It may, however, be unwise to assume that United’s transfer work will necessarily resemble Nice’s efforts. In the summer of 2022, Brailsford oversaw the appointment of Ian Moody, former sporting director at Crystal Palace and Cardiff City, as a consultant assisting with transfer business. Moody is believed to have been the driving force behind a string of free transfers and loan deals for players who had essentially flunked out of the Premier League due to age, injuries or under-performance – Aaron Ramsey, Ross Barkley, Joe Bryan, Kasper Schmeichel and Nicolas Pépé all came in and Ramsey, specifically, was reportedly signed in direct contravention of the wishes of Lucien Favre, the experienced head coach who was in charge at the time. All five players have left the club a year on.
This year the transfer policy has been less focused on players that the Premier League had spat out, although Romain Perraud and Morgan Sanson arrived on loan from Southampton and Aston Villa respectively. Money was instead spent on Jérémie Boga from Atalanta (who has impressed) and Terem Moffi from Lorient. A net spend of €27.1m (£23.7m), substantial for a French club other than Paris Saint-Germain, at least suggests a willingness by Ineos to invest when required.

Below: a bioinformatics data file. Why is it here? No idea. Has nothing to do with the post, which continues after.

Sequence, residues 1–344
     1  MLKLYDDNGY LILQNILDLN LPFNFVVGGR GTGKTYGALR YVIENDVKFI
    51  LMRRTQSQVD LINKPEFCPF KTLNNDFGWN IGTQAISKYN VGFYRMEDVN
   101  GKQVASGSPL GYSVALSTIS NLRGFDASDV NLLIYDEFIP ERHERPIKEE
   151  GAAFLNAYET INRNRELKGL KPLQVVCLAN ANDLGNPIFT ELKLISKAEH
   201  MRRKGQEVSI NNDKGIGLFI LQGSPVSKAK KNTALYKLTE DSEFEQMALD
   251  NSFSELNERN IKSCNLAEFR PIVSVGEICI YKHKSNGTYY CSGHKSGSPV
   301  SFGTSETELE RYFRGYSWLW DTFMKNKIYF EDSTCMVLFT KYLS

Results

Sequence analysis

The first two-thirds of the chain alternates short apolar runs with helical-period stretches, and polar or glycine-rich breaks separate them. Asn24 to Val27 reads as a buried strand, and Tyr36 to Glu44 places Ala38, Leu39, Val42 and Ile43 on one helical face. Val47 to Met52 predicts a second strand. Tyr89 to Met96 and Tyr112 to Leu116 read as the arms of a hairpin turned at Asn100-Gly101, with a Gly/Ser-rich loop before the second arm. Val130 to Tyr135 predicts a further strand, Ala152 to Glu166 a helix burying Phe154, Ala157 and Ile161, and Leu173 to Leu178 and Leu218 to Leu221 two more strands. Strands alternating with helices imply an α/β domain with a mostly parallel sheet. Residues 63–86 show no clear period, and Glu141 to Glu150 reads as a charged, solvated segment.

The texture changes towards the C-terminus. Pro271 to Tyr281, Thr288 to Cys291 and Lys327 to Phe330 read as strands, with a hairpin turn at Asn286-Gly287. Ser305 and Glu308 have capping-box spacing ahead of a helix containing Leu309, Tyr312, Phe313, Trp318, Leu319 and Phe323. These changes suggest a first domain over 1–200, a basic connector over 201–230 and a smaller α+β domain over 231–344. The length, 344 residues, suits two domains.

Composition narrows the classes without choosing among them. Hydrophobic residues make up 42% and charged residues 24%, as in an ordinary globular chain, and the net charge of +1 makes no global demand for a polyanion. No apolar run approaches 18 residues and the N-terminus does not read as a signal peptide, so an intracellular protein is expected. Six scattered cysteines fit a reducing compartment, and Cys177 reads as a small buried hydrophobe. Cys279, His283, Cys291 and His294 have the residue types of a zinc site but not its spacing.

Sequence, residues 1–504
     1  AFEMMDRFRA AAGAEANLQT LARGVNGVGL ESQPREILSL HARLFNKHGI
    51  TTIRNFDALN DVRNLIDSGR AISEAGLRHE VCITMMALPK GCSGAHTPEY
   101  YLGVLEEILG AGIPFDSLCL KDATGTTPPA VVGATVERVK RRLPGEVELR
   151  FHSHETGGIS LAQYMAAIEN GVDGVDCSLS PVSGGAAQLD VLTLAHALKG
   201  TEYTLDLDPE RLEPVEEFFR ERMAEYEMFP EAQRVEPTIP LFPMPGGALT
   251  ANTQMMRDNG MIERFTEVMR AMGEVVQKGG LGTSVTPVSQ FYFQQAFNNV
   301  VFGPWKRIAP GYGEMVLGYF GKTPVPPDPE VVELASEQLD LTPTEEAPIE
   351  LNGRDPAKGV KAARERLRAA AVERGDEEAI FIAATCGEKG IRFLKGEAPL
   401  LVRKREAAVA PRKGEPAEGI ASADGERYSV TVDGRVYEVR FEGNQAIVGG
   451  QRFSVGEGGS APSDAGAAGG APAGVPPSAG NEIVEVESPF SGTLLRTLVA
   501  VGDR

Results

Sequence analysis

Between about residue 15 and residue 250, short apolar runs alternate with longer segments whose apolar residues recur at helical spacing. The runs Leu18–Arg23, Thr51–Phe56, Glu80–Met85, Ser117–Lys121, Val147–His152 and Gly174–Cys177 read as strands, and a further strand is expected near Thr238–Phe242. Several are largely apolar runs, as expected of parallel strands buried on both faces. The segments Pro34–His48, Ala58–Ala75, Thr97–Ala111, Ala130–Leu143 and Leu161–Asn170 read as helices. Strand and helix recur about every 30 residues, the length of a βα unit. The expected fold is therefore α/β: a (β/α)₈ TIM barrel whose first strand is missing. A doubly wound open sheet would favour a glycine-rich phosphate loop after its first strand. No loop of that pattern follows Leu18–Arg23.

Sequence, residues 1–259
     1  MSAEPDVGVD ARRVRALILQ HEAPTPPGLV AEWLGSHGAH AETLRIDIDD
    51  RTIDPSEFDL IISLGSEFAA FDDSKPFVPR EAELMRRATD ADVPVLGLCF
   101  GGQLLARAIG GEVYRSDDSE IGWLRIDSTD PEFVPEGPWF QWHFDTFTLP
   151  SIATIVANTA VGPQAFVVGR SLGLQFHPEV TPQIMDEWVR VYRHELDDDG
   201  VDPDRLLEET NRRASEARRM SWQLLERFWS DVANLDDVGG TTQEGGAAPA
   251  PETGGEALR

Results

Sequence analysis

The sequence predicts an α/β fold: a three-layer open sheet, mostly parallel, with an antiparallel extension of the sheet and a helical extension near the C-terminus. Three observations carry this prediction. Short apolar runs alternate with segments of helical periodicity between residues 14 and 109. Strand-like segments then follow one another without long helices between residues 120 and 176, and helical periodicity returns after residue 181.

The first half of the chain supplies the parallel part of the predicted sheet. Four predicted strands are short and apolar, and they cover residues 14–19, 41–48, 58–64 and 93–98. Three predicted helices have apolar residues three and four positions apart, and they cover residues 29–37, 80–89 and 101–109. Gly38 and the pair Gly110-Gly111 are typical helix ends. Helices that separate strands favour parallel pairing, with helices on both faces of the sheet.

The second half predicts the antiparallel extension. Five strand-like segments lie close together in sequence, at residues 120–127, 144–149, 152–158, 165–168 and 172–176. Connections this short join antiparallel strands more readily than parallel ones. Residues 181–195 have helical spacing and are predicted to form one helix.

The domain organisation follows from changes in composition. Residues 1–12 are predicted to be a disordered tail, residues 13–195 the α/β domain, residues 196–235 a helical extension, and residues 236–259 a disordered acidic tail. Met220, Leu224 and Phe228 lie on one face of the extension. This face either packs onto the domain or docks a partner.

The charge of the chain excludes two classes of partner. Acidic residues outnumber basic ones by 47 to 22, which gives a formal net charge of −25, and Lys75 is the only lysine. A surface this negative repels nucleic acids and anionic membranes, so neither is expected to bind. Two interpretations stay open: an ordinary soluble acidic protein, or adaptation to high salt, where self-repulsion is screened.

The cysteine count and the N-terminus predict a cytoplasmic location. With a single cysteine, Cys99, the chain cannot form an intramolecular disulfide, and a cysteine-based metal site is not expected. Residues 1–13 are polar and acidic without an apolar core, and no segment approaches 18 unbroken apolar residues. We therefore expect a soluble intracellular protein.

Nice’s success this season has been driven by a defence consisting of a combination of talented youngsters like Todibo, budget-conscious signings like goalkeeper Marcin Bułka and veterans like 40-year-old former Bayern Munich centre-half Dante. There have unquestionably been successes in Nice’s recruitment – but they have not been consistent, and there have been several definite missteps along the way.
Whether the same will apply to United’s recruitment efforts remains to be seen – but the recent trajectory of Ineos Grenadiers, not long ago the most successful men’s road cycling team in the world, may also be a bad omen. The team has failed to find successors to ageing greats like Thomas, who at 37 remains their most prominent rider, and Froome, with big prospects like Pavel Sivakov not panning out as hoped - and a recently dominant team have won just one Grand Tour in the last three years.
What about the managers?
Nice’s approach to coaching appointments has also been rather variable – after Patrick Vieira was fired in 2020, experienced managers were initially the norm. Assistant manager Adrian Ursea, 52 at the time, was promoted first, and was followed swiftly by Christophe Galtier and Lucien Favre, both veterans when they took charge in 2021 and 2022 respectively. Neither lasted long, however, and this summer Nice made a distinctly left-field appointment.
Italian coach Francesco Farioli is, at 34, the second-youngest head coach in Ligue 1 behind Reims’ Will Still. A relative unknown, Farioli never played as a professional and his only coaching experience had been in Turkey, at Fatih Karagümrük and Alanyaspor. His tenure, which has started exceptionally well, began after a managerial search led by Brailsford himself which culminated in a five-hour interview.